James did explore the motif of society’s failure to assist Stephen. The premise, often used elsewhere, was that Stevie did not fail society—it failed him. We were shown that Stephen was literally ground up, pounded to pulp, violated, kicked in the face, beaten, abused, held back at every turn. He was denied an education and a vocation. Where was the love? As Stevie’s rap sheet lengthened, as his misdemeanors became felonies, as he moved through the justice system, through the court-appointed counseling sessions and lame attempts at rehabilitation—where was that one caring influential person who could manage an objective overview of these myriad events, who might have intervened, who might have made sure that he was carefully placed with foster parents who would care about him, who would slowly peel off that hard shell ! of protection Stevie wore and might have replaced it with compassion, understanding, and affection—instead of rape, abuse, and the cashing of their state checks?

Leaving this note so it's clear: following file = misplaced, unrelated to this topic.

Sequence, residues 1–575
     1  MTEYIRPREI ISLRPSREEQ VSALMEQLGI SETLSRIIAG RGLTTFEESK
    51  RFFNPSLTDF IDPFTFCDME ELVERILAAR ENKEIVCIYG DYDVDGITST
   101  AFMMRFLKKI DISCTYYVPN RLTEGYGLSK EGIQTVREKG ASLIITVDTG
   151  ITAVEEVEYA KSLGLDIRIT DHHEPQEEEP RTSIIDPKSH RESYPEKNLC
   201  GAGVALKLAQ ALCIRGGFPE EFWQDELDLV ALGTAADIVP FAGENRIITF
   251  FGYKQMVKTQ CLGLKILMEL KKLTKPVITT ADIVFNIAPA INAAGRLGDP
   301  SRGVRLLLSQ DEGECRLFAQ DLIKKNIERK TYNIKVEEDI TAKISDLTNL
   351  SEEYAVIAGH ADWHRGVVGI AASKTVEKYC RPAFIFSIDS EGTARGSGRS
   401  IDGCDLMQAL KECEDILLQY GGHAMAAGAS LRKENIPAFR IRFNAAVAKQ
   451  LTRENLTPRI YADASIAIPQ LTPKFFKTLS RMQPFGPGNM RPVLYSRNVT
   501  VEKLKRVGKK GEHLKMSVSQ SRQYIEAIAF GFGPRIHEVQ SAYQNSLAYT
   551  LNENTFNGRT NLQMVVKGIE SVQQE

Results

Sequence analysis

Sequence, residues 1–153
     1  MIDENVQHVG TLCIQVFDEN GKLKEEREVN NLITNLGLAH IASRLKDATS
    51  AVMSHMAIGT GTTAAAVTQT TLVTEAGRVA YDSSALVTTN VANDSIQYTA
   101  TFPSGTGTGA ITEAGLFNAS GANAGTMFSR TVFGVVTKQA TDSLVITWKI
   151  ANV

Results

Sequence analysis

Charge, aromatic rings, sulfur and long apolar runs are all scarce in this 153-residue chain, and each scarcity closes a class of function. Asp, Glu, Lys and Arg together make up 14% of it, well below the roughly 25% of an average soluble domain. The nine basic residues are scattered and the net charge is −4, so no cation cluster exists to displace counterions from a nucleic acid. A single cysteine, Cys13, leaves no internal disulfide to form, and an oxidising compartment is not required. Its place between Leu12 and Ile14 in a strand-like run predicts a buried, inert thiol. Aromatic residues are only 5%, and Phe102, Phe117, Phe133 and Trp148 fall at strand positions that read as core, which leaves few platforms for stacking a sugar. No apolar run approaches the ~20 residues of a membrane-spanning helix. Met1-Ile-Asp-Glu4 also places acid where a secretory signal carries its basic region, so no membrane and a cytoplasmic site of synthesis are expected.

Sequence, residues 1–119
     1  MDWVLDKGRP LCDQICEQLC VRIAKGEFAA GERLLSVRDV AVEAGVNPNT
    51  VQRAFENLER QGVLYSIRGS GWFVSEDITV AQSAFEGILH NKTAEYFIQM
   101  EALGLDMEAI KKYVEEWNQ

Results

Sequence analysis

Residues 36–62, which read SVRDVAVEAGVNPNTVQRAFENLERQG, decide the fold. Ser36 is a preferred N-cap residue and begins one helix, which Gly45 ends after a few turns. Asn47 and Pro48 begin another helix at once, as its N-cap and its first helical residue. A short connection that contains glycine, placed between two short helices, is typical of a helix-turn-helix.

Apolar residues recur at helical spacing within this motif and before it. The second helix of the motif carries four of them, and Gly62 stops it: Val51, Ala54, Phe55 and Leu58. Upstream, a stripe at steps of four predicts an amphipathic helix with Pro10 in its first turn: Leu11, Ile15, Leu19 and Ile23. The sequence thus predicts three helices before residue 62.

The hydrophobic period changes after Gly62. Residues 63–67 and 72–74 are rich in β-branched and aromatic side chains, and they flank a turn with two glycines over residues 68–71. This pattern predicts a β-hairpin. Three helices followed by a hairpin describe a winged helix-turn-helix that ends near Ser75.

Well—that “person” or persons never materialized. There was that one couple that cared about him, and was making headway with him—but they had to move out of state, and they, like Steve James, had to abandon him. Maybe that “person” was someone in the audience, viewing the film, which might be so touched by the film’s message that they would reach out to save some other troubled youth. Yes, I know--what a wonderful Pollyanna projection.